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Issue No. 1: Humble Beginnings

January 10, 2013

i feel like the ONLY way to be a better beat maker is to master someone else’s beat. figure how they did some shit. and if you REALLY in love with your new found craft (see Dilla) you will find ways to improve on it….and THEN you can call it your own.

Ahmir “?uestlove” Thomspon, drummer for The Roots

It all started with a laptop, sample compilations from Kevin Nottingham and Hip-Hop Is Read*, the demo version of FL Studio 7 and a bunch of free time.

It was frustrating, to say the least. I wanted to start chopping samples up in a way that I had (sonically) witnessed DJ Premier, 9th Wonder, J Dilla and Madlib do. Making matters worse was that I was unable to save any projects on the demo version of FL Studio, so whatever I made had to bang, or else the whole project would have to get scrapped. So I spent most of my time trying to figure out how so-and-so managed to work this sample into something that infiltrated my headphones.

So when I read ?uestlove saying that “9 times outta 10…the first beat you ever made was someone else’s beat. No lie,” I felt a little bit better about recreating other people’s beats.

But not a whole lot better.

A lot of the times, I found it was loops, as they were easiest. I found myself recreating a lot of Preemo. The first three Preemo joints I found myself recreating were “New York State of Mind,” “Sittin’ In Da Park (Memory Lane),” and “Represent.” (Side note: What do those three records have in common?) I also found myself re-chopping “The Bodega” from Skyzoo & 9th Wonder’s Cloud 9: The 3 Day High, and “Lovin’ It” and “Watch Me” from Little Brother’s second album (first on Atlantic Records) The Minstrel Show.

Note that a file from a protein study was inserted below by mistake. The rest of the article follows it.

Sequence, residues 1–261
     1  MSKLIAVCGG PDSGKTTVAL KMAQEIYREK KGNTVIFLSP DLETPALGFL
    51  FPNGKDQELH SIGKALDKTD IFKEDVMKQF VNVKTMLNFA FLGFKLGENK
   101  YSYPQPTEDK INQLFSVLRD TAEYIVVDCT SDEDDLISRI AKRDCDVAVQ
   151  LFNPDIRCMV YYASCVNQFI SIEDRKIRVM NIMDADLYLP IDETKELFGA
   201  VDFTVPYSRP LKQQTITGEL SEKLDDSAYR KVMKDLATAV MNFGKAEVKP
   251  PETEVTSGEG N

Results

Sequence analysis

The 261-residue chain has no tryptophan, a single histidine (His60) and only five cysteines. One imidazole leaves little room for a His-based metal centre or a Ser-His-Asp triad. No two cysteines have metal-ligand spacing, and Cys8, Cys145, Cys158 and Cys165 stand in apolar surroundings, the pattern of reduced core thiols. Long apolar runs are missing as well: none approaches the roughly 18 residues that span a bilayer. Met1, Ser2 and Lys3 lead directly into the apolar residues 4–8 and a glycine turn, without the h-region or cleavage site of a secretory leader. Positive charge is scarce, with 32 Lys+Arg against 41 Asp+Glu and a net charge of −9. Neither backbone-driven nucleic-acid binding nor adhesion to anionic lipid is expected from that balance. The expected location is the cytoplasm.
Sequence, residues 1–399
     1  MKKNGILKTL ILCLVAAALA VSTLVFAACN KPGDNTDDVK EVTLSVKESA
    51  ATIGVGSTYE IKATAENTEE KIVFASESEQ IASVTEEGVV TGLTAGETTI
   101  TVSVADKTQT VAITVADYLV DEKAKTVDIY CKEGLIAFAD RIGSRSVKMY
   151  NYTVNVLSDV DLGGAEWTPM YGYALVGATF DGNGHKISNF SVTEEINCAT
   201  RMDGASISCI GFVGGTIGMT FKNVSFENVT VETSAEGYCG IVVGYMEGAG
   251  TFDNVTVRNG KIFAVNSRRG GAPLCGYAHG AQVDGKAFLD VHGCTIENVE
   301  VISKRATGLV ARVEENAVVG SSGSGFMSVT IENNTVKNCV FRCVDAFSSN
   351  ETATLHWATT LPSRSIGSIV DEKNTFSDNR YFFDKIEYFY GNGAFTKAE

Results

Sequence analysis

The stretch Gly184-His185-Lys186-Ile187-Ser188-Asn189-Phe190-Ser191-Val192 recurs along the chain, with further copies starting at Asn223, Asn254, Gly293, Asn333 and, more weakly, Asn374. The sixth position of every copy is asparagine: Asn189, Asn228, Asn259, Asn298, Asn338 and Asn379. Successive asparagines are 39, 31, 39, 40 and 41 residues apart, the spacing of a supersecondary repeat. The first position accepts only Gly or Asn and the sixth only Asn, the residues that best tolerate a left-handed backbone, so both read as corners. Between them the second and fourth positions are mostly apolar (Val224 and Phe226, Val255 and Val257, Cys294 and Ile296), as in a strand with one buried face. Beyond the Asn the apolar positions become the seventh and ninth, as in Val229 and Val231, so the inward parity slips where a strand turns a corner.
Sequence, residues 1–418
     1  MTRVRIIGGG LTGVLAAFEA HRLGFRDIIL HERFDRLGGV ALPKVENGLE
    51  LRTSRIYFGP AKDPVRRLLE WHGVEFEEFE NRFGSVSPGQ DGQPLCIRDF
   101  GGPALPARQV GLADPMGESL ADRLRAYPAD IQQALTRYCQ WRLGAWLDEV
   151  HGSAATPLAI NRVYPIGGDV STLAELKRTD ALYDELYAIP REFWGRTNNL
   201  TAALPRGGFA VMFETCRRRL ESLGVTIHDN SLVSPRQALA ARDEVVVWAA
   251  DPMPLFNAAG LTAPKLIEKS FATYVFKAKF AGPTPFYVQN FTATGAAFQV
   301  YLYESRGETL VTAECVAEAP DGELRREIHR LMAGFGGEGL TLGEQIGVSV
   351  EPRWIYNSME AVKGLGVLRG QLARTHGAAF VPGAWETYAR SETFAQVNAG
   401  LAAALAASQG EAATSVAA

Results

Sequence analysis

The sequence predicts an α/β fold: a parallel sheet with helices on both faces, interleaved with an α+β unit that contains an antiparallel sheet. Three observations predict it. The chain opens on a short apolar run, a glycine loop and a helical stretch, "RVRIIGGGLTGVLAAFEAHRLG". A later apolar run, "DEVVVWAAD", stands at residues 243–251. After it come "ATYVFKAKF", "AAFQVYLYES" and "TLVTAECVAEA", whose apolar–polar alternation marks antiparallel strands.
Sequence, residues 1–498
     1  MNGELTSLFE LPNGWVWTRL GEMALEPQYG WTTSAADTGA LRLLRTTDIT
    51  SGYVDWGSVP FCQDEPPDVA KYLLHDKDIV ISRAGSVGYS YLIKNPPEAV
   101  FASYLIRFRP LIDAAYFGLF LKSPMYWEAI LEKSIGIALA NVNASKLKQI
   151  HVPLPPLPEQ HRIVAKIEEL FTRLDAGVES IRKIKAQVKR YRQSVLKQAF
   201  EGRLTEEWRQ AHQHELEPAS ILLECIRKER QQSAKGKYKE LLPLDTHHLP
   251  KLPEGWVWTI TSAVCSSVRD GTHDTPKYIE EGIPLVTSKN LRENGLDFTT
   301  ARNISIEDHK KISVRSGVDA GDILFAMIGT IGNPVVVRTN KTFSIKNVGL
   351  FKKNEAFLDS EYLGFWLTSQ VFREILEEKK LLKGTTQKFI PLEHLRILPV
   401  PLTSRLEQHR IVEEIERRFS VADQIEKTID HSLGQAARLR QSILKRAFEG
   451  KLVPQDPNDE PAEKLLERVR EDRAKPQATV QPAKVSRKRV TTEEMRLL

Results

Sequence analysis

Even then, I knew that at some point, I would have to stop making other people’s beats. Those beats were other people’s beats for a reason; they made them first. They spent hours upon hours listening to the music, looking for tricks to get long sample times on their drum machines, equalizing and filtering, laying down the drums. They cooked the food, all I was doing was microwaving the leftovers.

Thanks to iTunes Genius program, I would look at recommended songs and that was my crate-digging starting point. Once they were stashed, I started out looking for loops, because why not? Loops are an integral part of the Hip-Hop community; the term beat is derived from “breakbeat” which is simply a loop. Plus, they were easiest.

This led to one of the first beats I felt comfortable with: an ode to some New York City block party circa 1992:

It wasn’t a Preemo beat, but it was my beat, a Spider-Web.

*These sites no longer have their sample sets up.


From → Beats, Spider-Webs

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